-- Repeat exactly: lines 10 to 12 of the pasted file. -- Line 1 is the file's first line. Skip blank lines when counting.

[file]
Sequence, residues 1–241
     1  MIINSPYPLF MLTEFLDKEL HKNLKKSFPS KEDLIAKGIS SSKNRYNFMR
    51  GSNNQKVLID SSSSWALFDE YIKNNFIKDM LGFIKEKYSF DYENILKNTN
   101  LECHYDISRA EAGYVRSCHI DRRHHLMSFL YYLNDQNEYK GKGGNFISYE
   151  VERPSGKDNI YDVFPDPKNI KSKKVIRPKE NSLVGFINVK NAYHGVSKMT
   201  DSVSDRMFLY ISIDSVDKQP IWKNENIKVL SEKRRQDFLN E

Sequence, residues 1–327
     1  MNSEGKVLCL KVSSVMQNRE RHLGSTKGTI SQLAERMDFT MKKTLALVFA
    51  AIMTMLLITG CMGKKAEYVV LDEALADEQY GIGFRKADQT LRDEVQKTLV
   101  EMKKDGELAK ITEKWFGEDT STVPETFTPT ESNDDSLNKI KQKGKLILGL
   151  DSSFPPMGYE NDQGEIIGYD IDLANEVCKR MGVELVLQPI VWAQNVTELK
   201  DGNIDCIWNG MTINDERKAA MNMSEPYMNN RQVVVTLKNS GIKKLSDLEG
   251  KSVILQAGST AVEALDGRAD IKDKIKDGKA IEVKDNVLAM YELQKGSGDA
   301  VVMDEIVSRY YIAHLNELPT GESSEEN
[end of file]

   101  EMKKDGELAK ITEKWFGEDT STVPETFTPT ESNDDSLNKI KQKGKLILGL
   151  DSSFPPMGYE NDQGEIIGYD IDLANEVCKR MGVELVLQPI VWAQNVTELK
   201  DGNIDCIWNG MTINDERKAA MNMSEPYMNN RQVVVTLKNS GIKKLSDLEG